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Stepchildren Challenging A Will: Estoppel If Your Biological Parent Gifts Their Estate To Your Stepparent

Stepchildren Challenging a Will: Estoppel if Your Biological Parent Gifts Their Estate to Your Stepparent

In BC, courts can rule a will unfair and have it revised – or varied – if it does not make ‘adequate provision for the proper maintenance and support’ of the will-maker’s spouse or children. The Courts have the authority to prevent the disinheritance of spouses and children of will writers without sufficient cause. But, what about stepchildren? According to the Wills, Estates and Succession Act (WESA), a child is ‘a natural birth child or a legally adopted child’. Unless the stepparent has adopted a stepchild, WESA does not recognize them as a child.

It’s clear that a stepchild cannot apply to vary their stepparent’s will under WESA. However, there are other ways that stepchildren can challenge a will. These scenarios can arise if:

Estoppel for Your Biological Parent Gifting Their Estate to Your Stepparent

If a stepparent unfairly disinherits them, stepchildren lack the legal standing to directly request a variation of the will

Estoppel is a legal argument used to prevent a party from breaking a promise to benefit themselves. In the context of stepchildren challenging a will, estoppel can stop a stepparent from receiving more of an estate than their spouse intended. A parent might agree to gift the entirety of their estate to a spouse because the spouse promised to include their stepchild in their own will. If the spouse later changes their will to contradict their promise, the party impacted by the broken promise may be able to make an estoppel claim against the stepparent’s estate.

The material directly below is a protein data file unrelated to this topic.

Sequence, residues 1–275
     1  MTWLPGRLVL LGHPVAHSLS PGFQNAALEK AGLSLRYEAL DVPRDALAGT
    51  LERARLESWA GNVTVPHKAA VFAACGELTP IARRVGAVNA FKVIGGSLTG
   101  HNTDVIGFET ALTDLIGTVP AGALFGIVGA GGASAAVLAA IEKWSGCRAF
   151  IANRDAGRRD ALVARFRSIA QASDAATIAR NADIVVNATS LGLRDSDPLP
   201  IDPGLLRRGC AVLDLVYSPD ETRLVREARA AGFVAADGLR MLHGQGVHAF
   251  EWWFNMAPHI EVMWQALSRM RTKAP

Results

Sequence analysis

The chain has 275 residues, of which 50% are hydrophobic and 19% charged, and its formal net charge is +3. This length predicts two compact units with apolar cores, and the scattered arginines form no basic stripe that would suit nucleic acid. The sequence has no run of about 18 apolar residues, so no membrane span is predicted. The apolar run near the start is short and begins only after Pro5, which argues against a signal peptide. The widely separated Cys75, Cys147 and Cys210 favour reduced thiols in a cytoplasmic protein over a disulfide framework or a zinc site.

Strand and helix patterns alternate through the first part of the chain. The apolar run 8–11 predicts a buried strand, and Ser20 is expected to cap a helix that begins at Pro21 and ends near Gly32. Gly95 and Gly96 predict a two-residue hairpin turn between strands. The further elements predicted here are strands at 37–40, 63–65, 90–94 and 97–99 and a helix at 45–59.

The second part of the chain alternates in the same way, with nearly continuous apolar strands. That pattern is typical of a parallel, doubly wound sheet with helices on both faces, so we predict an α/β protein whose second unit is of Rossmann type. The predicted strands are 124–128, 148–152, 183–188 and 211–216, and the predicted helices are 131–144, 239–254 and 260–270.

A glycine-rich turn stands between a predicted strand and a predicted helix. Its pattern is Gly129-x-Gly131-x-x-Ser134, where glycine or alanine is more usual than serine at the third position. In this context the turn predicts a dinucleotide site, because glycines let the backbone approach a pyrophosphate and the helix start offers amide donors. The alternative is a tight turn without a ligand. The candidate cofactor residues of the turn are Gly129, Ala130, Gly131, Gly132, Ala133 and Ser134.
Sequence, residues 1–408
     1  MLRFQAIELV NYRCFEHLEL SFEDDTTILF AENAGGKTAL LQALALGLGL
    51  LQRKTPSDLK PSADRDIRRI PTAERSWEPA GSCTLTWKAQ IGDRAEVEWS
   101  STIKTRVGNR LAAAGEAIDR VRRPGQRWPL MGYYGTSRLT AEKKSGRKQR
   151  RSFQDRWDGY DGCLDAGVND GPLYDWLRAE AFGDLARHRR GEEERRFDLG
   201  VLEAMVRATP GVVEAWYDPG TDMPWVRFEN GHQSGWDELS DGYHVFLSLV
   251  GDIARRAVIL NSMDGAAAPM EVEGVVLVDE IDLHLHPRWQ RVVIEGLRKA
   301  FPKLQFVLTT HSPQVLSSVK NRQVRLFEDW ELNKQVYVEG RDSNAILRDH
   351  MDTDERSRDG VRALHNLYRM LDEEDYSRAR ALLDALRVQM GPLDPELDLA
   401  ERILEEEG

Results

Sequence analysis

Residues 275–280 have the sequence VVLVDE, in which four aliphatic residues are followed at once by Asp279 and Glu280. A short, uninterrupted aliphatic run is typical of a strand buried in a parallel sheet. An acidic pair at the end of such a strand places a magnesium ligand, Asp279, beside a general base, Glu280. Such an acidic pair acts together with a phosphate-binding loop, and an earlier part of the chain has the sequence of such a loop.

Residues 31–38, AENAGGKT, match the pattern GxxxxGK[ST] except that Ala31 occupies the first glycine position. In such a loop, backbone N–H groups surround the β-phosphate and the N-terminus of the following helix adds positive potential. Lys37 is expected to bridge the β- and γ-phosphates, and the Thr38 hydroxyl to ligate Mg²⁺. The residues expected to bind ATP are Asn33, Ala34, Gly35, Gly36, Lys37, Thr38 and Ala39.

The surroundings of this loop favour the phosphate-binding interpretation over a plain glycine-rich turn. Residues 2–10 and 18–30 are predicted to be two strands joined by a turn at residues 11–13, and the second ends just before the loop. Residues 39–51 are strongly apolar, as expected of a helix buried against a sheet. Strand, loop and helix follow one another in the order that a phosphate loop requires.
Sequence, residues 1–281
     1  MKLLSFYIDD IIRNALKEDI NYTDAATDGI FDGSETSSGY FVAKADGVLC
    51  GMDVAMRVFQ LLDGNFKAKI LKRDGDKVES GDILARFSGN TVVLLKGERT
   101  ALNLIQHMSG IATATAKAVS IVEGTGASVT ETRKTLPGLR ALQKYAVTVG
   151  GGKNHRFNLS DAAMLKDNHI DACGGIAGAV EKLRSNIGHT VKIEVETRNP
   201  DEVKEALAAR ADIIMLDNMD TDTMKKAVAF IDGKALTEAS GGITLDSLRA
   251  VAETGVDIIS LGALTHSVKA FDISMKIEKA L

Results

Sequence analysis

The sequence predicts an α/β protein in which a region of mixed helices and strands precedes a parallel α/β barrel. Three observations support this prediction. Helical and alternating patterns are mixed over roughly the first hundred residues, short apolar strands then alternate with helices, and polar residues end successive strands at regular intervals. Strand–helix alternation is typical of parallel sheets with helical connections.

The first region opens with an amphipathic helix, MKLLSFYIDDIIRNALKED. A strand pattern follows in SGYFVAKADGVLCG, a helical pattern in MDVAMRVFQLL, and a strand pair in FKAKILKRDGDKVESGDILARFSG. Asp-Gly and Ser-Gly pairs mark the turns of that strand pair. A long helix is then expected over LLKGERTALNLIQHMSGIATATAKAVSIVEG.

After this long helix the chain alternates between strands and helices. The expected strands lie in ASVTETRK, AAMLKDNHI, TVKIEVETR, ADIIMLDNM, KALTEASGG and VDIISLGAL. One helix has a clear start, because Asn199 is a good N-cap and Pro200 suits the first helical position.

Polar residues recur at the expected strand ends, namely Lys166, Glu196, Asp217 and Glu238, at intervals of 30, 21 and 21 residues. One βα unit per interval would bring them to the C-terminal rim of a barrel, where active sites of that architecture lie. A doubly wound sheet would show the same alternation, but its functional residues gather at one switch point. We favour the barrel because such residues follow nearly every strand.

In order to have a successful claim for proprietary estoppel, the following must be present:

  • A promise is made,
  • That promise is reasonably relied on,
  • That promise is unfairly broken; and,
  • This causes detriment.

An Example of Proprietary Estoppel

Let’s examine a scenario that illustrates how a proprietary estoppel claim may arise. Chris is a man who has a daughter named Deb. He marries Jane, who becomes Deb’s stepmother. Chris plans to leave his estate to Jane if she outlives him, and then wants the property to pass to Deb once Jane and Chris have passed away. Chris gifts the whole estate to Jane because she has promised to include Deb in her own will. This should ensure that Deb will inherit indirectly from Chris’s estate. Deb trusts this pledge and relies on it reasonably. She chooses not to dispute the gift, because she doesn’t expect to be disinherited. Following Chris’s death, Jane breaks her promise, changing her will to pass the entire estate to her own child. Deb can no longer dispute the gift from her father’s estate, since 180 days have elapsed since his passing.

However, Deb may have a valid claim to receive the assets that were passed from Chris’s estate to Jane. If she can demonstrate the presence of the components of a proprietary estoppel claim in her circumstances, the Courts may vary Chris’s will.

Children and adults who have relied on a promise from their stepparent concerning their natural parent’s estate and suffered resulting loss should speak to an experienced estate lawyer as soon as possible. An experienced estate lawyer can support you in making a claim to vary a will.

Have a question about estate disputes or a different legal topic? Contact us for a free consultation. Reach us via phone at 250-888-0002, or via email at

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